WE NEED TO TALK ABOUT KEVIN
Written by Lynne Ramsay and Rory Kinnear
Directed by Lynne Ramsay
Starring Tilda Swinton, John C. Reilley and Ezra Miller
Dr. Foulkes: He’s a floppy little boy, isn’t he? But there’s nothing wrong with him.
I know we’re supposed to talk about him but I have a very hard time talking about WE NEED TO TALK ABOUT KEVIN. (I meant to write this review three weeks ago and just couldn’t do it until now.) From the moment it opens, with a jubilant Tilda Swinton, dousing herself, the people around her and the entire screen in deep red tomatoes and their juice at the Tomatina festival, in Bunol, Spain, I was consumed by the film. The imagery and the intention were so vibrant and alive, it was almost intoxicating. And then it gets drab and ugly and we are thrown into a world where every trace of Swinton’s former life is absent. All that remains is a run down shack on what is clearly the wrong side of town. The red is still there but now its the painted curse words on the front of her home. How did her life go from one extreme to the other? She had Kevin.
Swinton is mind blowing in Lynne Ramsay’s brilliant adaptation of Lionel Shriver’s popular novel. She plays Eva Katchadourian. Once upon a time she was a successful travel agent who would travel to the most exotic of locations with her happy husband, Franklin (John C. Reilley). Like most people, her life changed when she had a baby. Before long, she and her family were leaving New York City for a quiet place in the suburbs, as they do. Eva struggled though to find happiness in her new life. She never seemed to connect with her son, Kevin (played primarily as an adult on screen by the disturbingly lanky, Ezra Miller), and began to fear there was something wrong with him. It doesn’t take too long though before she starts to suspect that Kevin is just being spiteful and directing some fairly disturbing anger solely at her. It gets so callous she can hardly seem to get the words out at some point. She loves him but she also hates him simultaneously. It’s as if she knows she is obligated to love him but cannot for the life of her figure out how to accomplish this. And for as much direct suggestion the title provides, no one ever seems to talk too much about Kevin, when clearly they should.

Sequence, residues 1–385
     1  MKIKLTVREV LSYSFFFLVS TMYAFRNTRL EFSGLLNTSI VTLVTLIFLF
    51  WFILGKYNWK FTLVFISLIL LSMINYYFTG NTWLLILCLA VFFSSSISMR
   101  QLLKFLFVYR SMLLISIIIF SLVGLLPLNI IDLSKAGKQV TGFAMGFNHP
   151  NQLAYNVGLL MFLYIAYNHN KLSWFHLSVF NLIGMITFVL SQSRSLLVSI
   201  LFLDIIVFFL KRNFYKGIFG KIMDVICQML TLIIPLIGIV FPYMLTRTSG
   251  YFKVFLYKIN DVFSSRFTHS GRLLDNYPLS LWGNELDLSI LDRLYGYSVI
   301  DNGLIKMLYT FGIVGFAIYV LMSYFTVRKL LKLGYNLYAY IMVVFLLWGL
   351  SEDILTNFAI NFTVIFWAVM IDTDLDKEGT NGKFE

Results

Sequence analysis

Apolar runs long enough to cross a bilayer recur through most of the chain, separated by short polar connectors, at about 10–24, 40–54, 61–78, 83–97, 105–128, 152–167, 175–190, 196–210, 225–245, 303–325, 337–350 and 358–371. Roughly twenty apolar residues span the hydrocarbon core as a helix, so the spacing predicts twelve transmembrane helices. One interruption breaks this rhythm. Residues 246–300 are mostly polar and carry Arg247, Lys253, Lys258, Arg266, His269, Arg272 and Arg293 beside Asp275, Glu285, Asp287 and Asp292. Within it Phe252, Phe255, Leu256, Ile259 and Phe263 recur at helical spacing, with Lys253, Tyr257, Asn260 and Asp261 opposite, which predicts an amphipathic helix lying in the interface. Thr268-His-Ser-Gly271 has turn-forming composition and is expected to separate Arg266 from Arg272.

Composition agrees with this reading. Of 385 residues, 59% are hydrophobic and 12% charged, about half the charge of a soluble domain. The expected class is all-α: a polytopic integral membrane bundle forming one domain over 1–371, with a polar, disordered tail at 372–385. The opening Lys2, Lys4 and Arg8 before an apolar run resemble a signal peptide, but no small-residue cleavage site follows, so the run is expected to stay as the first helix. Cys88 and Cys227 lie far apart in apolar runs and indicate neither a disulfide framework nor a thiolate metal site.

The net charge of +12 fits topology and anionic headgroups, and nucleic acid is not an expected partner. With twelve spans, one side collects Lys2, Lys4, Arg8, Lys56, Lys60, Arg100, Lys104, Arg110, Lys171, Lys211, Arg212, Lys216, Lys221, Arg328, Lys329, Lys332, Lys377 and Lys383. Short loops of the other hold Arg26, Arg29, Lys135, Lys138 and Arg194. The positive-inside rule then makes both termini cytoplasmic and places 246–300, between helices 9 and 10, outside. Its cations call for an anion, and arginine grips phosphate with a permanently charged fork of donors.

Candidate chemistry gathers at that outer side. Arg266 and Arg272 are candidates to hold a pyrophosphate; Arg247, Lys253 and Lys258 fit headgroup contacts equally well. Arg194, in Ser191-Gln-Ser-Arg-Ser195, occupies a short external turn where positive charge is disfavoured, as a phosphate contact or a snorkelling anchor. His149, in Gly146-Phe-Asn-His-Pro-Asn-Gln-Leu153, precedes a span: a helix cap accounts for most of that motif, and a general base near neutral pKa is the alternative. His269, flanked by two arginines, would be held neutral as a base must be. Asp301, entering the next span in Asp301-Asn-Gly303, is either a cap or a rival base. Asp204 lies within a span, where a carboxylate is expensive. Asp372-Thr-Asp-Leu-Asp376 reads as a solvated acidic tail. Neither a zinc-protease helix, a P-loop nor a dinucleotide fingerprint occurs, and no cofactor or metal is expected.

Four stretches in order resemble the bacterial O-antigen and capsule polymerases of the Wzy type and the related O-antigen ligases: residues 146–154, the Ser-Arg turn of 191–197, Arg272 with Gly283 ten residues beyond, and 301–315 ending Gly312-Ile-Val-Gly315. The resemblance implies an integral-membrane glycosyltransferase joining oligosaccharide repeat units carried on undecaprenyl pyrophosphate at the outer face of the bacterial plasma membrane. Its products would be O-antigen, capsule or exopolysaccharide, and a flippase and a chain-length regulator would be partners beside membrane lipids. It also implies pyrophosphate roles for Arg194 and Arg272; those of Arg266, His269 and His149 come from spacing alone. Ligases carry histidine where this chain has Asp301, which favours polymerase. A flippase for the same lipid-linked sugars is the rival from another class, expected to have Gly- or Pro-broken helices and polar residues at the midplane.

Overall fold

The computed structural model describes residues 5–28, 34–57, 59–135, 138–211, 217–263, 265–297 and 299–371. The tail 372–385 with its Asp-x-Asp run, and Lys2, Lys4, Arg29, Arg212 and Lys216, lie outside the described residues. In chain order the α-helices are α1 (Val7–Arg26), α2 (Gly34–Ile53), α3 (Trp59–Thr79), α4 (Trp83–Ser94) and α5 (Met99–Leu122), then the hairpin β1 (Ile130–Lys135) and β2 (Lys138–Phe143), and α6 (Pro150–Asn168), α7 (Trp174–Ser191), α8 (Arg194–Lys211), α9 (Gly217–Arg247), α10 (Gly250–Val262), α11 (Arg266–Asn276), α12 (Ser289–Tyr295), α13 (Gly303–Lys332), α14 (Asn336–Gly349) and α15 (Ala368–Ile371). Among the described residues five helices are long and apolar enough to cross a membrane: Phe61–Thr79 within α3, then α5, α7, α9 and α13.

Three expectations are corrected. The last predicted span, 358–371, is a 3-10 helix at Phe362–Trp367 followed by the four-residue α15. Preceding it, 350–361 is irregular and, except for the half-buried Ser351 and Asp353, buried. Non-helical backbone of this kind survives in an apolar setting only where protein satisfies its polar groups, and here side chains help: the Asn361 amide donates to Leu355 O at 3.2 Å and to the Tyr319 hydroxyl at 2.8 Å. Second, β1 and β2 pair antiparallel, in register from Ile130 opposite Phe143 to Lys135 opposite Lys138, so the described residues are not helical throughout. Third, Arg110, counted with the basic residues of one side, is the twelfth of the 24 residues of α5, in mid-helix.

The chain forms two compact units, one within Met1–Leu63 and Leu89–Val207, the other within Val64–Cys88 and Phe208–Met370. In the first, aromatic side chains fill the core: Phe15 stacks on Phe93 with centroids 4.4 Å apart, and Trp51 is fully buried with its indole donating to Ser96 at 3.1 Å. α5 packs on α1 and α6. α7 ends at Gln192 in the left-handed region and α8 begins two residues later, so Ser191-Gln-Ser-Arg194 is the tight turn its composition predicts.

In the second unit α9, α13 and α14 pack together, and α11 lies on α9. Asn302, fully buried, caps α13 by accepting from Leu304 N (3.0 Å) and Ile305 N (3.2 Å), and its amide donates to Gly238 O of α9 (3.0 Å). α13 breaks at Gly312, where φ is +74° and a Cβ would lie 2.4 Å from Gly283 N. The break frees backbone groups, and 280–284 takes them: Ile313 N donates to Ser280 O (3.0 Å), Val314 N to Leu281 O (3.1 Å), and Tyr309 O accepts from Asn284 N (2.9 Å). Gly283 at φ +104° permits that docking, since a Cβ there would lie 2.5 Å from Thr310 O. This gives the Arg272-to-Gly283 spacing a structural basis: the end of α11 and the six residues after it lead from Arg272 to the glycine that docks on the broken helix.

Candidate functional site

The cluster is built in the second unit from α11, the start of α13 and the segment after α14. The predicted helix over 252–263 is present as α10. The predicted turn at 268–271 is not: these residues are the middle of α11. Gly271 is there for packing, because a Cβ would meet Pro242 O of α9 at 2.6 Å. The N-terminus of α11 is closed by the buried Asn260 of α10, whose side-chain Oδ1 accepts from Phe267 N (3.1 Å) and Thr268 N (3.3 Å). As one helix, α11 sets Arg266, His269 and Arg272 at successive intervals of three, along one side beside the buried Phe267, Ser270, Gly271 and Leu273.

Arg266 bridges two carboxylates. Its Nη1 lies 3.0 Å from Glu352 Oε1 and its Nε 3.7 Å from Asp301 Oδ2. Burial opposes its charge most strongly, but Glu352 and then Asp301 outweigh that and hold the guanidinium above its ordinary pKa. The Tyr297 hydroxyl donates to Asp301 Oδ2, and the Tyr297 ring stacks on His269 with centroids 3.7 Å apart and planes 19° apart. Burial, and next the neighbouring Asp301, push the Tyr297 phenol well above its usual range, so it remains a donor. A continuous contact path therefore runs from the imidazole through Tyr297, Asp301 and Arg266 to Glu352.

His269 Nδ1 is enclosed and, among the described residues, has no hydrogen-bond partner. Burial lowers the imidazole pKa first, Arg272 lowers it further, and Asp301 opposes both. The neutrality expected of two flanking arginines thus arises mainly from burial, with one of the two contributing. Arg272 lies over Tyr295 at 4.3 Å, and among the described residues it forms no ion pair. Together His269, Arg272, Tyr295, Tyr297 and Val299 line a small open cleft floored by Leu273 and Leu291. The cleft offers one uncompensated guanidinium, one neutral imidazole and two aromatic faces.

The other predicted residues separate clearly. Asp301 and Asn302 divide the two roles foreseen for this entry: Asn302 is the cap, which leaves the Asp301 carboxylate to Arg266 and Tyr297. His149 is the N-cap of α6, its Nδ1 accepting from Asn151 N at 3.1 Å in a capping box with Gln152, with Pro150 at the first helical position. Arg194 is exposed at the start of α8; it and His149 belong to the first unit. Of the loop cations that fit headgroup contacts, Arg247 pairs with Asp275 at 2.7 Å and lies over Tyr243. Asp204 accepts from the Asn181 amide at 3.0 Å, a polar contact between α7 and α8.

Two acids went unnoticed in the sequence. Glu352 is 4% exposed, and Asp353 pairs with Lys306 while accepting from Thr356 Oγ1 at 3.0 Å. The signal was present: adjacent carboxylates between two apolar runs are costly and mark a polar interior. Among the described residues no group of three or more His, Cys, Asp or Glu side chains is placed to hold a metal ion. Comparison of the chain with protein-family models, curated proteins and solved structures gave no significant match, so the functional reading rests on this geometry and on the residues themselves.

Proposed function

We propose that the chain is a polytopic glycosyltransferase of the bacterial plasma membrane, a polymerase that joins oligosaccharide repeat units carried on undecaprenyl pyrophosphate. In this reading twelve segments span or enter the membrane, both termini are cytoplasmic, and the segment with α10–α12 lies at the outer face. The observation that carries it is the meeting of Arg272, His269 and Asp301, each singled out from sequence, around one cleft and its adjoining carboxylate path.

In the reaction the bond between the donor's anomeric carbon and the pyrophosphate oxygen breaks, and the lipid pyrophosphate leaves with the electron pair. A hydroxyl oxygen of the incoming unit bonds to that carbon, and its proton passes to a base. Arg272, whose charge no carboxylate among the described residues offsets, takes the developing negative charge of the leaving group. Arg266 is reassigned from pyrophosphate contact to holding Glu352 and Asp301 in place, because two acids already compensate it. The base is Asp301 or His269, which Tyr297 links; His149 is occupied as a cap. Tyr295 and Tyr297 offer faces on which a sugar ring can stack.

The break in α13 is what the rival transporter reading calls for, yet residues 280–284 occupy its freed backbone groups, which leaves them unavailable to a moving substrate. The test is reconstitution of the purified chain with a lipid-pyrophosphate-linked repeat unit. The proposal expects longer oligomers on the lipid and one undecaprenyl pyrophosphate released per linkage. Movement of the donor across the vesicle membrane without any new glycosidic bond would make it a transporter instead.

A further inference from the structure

Ramsay slowly reveals to us in flashback how Eva fell from grace and WE NEED TO TALK ABOUT KEVIN becomes a modern telling of a familiar horror story. Personally, I find it quite refreshing to see a film about an evil child that isn’t possessed by some spirit or satanic force. Kevin has done something truly horrible but we don’t know what that is, just what it did to Eva’s life and that she never abandoned him despite any of it. The back and forth in time and space, which I loved being lost in, makes it near impossible to situate yourself directly in the narrative for too long at any one time, likely very similar to the blur of Eva’s fractured mind. To piece the puzzle together means having to ask whether or not Kevin’s troubles came from his mother or perhaps whether Kevin is just plain evil. It’s nature vs. nurture but it forces us to acknowledge that if we side with nature, we must not only admit that some apples really are just bad but also remember the trees they fell not too far from.
PS. If you or anyone you know is thinking about having children, you might seriously consider seeing this first (or not).